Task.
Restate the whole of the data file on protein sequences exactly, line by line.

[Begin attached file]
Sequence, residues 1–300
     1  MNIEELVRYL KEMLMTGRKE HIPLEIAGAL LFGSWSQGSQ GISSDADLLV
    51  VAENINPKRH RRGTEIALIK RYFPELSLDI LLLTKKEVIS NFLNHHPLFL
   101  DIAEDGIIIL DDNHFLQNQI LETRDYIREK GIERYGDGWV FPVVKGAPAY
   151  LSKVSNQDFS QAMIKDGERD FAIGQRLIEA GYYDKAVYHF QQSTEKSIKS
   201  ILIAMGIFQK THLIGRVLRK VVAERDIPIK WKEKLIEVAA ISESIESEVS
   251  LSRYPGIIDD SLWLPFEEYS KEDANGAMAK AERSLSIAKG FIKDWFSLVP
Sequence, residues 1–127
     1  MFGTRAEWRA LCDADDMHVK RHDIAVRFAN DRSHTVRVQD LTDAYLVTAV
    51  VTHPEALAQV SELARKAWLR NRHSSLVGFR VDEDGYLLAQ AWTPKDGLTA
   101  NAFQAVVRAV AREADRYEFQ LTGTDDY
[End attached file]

Sequence, residues 1–300
     1  MNIEELVRYL KEMLMTGRKE HIPLEIAGAL LFGSWSQGSQ GISSDADLLV
    51  VAENINPKRH RRGTEIALIK RYFPELSLDI LLLTKKEVIS NFLNHHPLFL
   101  DIAEDGIIIL DDNHFLQNQI LETRDYIREK GIERYGDGWV FPVVKGAPAY
   151  LSKVSNQDFS QAMIKDGERD FAIGQRLIEA GYYDKAVYHF QQSTEKSIKS
   201  ILIAMGIFQK THLIGRVLRK VVAERDIPIK WKEKLIEVAA ISESIESEVS
   251  LSRYPGIIDD SLWLPFEEYS KEDANGAMAK AERSLSIAKG FIKDWFSLVP
Sequence, residues 1–127
     1  MFGTRAEWRA LCDADDMHVK RHDIAVRFAN DRSHTVRVQD LTDAYLVTAV
    51  VTHPEALAQV SELARKAWLR NRHSSLVGFR VDEDGYLLAQ AWTPKDGLTA
   101  NAFQAVVRAV AREADRYEFQ LTGTDDY